Thomas Jefferson University and the Monell Chemical Senses Center announced Wednesday that they have entered a formal agreement to collaborate on scientific programs, research, and clinical projects aimed at improving human health.

The one-year cooperation pact comes about 10 months after Jefferson and Monell signed a letter of intent to look into merging the institutions. However, officials with Monell, the sensory research institute now in its 50th year, said they and Jefferson decided a formal merger was not necessary to achieve their research goal and that as independent partners, they would have the flexibility to work together but also team up with other entities. Jefferson and Philadelphia University merged more than a year ago, and Jefferson has expanded substantially through health-system acquisitions in recent years.

"Together, we think the synergy is definitely greater than the sum of our individual parts, and we're excited to do joint research that builds on each of our strengths," said Monell president and director Robert Margolskee.

"This creative partnership agreement is a powerful next step in our relationship with Monell," said Stephen K. Klasko, president of Thomas Jefferson University and CEO of Jefferson Health. "This allows our scientists to share ideas, compete for funding together, and focus on the real work: reimagining discovery."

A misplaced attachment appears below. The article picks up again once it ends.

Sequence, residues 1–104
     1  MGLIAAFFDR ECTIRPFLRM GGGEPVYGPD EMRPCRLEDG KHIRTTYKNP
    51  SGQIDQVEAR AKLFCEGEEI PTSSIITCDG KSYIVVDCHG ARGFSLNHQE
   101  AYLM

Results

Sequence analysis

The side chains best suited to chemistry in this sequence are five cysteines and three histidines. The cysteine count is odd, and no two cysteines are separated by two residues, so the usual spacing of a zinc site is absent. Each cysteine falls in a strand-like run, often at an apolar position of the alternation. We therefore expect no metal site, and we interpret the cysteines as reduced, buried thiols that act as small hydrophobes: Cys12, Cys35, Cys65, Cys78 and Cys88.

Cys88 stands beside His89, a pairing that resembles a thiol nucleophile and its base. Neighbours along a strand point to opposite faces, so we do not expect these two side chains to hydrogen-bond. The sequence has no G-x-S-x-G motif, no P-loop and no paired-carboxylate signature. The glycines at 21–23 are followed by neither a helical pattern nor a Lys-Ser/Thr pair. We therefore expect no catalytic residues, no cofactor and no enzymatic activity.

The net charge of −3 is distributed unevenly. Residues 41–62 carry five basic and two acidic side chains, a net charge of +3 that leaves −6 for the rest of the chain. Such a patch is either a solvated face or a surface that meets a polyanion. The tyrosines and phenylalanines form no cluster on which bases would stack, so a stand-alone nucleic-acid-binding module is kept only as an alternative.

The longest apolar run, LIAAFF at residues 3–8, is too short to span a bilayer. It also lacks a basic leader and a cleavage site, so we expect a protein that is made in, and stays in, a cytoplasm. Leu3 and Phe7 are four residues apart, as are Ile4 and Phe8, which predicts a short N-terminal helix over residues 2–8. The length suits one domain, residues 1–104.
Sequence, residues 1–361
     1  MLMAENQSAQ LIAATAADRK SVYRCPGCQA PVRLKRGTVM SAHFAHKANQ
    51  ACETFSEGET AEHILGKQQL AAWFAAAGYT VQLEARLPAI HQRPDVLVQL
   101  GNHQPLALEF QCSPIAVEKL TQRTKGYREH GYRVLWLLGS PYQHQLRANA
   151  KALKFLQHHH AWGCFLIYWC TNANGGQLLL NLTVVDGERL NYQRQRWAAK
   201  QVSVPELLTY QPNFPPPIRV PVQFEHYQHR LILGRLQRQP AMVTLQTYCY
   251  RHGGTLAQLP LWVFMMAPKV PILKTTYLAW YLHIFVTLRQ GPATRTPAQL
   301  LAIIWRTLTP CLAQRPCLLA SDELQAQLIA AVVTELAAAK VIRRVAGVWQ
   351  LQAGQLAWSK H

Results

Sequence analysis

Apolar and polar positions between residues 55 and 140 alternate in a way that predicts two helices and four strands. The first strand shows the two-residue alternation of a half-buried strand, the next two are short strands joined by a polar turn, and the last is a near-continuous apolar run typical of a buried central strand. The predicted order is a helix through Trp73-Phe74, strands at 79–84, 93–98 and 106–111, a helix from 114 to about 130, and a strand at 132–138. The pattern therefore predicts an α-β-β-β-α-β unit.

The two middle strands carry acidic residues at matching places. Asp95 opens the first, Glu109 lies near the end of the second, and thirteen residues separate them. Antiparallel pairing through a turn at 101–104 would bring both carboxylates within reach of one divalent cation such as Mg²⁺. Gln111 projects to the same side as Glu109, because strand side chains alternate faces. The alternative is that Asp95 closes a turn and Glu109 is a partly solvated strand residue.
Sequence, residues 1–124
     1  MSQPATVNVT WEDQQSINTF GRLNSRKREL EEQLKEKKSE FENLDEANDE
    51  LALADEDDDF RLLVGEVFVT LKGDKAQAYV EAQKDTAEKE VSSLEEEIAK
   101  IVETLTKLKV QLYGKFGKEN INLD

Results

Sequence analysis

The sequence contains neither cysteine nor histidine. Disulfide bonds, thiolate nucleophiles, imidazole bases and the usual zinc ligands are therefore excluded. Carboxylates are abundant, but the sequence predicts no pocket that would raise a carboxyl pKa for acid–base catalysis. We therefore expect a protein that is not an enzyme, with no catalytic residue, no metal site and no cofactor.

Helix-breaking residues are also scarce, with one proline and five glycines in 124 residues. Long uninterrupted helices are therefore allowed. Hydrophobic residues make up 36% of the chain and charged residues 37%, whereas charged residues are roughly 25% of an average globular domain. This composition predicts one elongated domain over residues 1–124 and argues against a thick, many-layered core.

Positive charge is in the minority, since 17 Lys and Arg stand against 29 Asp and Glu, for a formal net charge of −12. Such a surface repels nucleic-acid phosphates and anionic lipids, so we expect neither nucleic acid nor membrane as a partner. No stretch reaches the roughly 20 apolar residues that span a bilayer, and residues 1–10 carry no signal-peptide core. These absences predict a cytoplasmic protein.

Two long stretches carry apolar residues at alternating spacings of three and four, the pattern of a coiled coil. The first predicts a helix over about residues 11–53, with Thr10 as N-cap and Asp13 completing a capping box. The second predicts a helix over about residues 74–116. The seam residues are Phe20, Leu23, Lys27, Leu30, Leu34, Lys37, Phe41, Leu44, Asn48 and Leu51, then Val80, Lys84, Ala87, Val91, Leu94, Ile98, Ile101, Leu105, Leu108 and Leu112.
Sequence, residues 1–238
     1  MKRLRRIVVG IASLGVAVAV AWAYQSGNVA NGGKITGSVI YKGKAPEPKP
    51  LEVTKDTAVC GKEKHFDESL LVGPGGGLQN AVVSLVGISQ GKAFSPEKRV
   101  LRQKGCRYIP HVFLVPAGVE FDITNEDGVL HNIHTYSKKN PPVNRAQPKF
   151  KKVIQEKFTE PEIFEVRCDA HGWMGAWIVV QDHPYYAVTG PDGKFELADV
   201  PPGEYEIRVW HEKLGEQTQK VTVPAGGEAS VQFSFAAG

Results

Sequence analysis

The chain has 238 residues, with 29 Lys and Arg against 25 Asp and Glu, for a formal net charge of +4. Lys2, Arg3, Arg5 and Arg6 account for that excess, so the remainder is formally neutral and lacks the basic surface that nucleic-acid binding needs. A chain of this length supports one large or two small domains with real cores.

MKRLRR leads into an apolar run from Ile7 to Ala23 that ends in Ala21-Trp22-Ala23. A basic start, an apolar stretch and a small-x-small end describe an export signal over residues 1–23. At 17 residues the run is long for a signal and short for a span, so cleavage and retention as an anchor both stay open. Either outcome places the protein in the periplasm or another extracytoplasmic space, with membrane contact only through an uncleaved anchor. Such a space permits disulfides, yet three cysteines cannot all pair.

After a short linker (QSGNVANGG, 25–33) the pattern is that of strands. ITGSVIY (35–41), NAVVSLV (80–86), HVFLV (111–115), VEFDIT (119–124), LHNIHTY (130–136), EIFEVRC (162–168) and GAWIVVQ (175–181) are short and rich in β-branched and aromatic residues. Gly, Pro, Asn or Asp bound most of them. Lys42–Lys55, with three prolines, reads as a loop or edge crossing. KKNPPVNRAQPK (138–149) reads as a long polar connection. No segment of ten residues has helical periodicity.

The agreement went into effect Aug. 1, but the institutions already had been collaborating.

One example of an ongoing venture by Jefferson and Monell is a research project funded by a grant from the Bill and Melinda Gates Foundation aimed at getting children to take their medicine by improving the taste of liquid formulations.

Both institutions say their partnership can lead to research opportunities in heart disease, obesity, hypertension, infectious disease, dementia, and other neurodegenerative diseases. Officials of both institutions said they will be making seed-funding commitments, as well as seeking additional financial support.

At the end of 2017, Jefferson had a $27.9 million operating loss, which it attributed to short-term investments to achieve longer-term goals. The rate loss lessened from the third quarter to the fourth.

However, "this partnership is not about financials," said Mark Tykocinski, provost and executive vice president for Jefferson. "It's a collaboration that seeks to advance our respective research missions. After extensive due diligence, both organizations came to the conclusion that this type of agreement was more beneficial to advancing our missions."

Margolskee said he wouldn't rule out a merger in the future, but said the new agreement was an "easy and fast" way to move forward.

"The more complicated, more lengthy, process of a formal merger wasn't necessary for us to accomplish the goals we wanted to accomplish," Margolskee said.